The magnificent Italian ballerina Elisabetta Terabust died in Rome this morning, 5 February, at her home near the Campo de’ Fiori, after a long illness. She was just 71.
She became a Principal Dancer at the Rome Opera ballet in 1966 and an Etoile in 1972. She worked extensively with the Royal Festival Ballet (now English National Ballet) and with Roland Petit at the Ballet de Marseille.
After her dancing career ended she worked as the director of the main Italian companies: Rome Opera Ballet (1990-1992); La Scala Ballet (1993-1997 during which she brought to the fore the talents of the young dancers Roberto Bolle and Massimo Murru); MaggioDanza (2000-2002) and the ballet company at San Carlo in Naples (2002-2006).
Thank you Elisabetta for all you gave and taught me. Thank you for your passion and dedication. Thank you for having believed in me right from the start and having pushed me to go beyond my limits. You’ll always be in my heart.
Elisabetta Terabust attended Rome Opera’s Ballet School which at the time was directed by the important Italian ballerina, Attilia Radice. During the period with the company in Rome she worked with Erik Bruhn when they danced the Don Quixote pas de deux as well as that from the Flower Festival in Genzano.
She also worked alongside Peter Schaufuss many times and became one of the most convincing Italian dancers in the Bournonville style, and the National Ballet of Canada mounted his ballet Napoli for her, again with Schaufuss. She was a frequent guest internationally, dancing Giselle at La Scala, Juliet in Nureyev’s choreography in New York, and Swan Lake, Sleeping Beauty, Nutcracker and other for the London Festival Ballet.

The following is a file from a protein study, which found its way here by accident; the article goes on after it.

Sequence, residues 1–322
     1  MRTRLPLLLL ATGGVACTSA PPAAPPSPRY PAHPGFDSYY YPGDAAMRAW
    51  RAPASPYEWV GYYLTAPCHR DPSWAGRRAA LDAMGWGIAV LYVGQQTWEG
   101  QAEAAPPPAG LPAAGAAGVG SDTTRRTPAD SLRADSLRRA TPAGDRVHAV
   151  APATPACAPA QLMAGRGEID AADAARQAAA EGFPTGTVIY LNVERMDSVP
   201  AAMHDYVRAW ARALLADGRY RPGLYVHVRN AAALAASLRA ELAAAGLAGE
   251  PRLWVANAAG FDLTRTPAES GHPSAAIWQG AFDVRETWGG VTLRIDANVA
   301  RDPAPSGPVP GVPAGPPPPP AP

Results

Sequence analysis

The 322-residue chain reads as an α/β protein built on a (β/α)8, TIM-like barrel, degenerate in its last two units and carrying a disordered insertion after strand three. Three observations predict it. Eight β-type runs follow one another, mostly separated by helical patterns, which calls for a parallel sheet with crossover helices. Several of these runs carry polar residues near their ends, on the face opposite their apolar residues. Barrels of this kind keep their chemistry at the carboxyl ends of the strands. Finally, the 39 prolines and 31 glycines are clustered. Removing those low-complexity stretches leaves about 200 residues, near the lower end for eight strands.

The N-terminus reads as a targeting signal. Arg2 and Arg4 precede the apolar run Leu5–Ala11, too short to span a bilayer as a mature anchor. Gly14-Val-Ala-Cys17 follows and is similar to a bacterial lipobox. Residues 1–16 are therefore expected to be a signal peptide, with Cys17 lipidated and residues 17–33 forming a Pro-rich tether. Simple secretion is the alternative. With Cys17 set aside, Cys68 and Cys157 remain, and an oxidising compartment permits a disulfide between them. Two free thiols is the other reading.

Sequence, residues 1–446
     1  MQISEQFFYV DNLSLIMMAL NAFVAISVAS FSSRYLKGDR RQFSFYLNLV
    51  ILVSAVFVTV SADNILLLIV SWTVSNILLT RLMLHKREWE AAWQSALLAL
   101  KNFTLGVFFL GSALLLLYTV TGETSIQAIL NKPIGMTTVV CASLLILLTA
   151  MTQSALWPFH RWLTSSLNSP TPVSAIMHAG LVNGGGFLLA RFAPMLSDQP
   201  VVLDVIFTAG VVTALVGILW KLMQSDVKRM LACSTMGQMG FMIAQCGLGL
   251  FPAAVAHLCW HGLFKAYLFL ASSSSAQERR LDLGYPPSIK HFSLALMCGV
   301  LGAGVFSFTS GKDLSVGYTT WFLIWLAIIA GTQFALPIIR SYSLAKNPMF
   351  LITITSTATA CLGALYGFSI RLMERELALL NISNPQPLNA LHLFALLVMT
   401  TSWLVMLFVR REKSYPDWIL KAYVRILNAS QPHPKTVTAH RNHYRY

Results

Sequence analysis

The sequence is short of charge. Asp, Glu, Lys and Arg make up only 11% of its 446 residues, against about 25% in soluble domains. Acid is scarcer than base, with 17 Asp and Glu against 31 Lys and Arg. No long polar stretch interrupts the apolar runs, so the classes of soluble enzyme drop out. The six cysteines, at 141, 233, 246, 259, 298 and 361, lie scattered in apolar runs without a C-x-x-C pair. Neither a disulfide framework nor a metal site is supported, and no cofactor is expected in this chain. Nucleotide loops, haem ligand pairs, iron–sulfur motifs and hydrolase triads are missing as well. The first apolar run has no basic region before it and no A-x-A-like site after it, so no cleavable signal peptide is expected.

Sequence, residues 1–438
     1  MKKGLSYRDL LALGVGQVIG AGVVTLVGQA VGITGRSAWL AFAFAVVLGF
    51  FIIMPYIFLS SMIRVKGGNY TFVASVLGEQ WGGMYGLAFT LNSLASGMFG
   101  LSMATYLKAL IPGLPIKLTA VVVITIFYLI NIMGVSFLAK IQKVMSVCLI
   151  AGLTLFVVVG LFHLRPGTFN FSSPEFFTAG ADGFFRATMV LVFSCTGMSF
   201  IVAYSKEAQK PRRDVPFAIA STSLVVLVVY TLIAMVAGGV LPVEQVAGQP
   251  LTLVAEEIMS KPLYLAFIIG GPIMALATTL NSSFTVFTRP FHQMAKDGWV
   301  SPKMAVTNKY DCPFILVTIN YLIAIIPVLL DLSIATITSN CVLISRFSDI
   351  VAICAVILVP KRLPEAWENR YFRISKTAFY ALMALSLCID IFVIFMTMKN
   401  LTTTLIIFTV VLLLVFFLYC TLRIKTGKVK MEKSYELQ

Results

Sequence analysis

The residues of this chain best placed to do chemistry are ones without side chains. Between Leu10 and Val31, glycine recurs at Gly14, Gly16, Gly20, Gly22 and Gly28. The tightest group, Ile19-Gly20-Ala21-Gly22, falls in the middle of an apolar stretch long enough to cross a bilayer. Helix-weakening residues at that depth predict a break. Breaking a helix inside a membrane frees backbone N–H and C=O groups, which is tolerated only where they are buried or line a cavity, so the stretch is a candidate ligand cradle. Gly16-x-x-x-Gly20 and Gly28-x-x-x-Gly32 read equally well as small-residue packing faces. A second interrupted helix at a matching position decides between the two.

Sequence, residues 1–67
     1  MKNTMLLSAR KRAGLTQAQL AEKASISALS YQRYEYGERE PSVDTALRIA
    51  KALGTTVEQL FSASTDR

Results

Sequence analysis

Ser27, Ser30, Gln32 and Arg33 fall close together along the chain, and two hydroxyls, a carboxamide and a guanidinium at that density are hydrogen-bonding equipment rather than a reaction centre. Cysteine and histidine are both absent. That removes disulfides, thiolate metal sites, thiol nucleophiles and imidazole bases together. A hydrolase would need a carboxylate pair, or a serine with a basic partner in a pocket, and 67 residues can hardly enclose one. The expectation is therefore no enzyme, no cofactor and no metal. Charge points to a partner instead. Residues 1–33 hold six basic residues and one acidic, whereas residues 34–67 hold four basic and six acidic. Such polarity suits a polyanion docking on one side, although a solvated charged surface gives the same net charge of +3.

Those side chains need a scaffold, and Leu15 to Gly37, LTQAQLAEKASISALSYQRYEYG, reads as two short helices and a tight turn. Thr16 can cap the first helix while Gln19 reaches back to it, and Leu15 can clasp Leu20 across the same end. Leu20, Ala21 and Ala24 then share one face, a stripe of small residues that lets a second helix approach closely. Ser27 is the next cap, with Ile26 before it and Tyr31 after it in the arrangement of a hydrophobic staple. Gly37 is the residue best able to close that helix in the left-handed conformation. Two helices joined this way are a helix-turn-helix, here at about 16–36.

Aside from Petit, she danced works by many contemporary choreographers — Tetley, Moreland, MacMillan — but Balanchine was a favourite: Agon, Apollon Musagète, Allegro Brillante, Tchaikovsky pas de deux, La sonnambula.
Terabust was a frequent collaborator with the company Aterballetto and Amedeo Amodio’s Psiche a Manhattan was created for her.
One of her last roles as ballerina was in Roland Petit’s ballet about Charlie Chaplin, Charlot danse avec nous (1991) with the Ballet National de Marseille. It was yet another triumph for this most communicative of dancers: sensitive, ironic, witty, and heartbreakingly moving.
La Scala will observe a minute’s silence before tomorrow’s ballet performance, and the new triple bill which opens on 10 March will be dedicated to her memory.
A chapel of rest will be open on 7 February from 9.30am until 1pm at the Dancing School of the Rome Opera (Via Ozieri 8, near Piazza Lodi) and the funeral will be held at 2.30pm the same day at the Artists’ Church, (Basilica di Santa Maria in Montesanto), Piazza del Popolo 18 in Rome.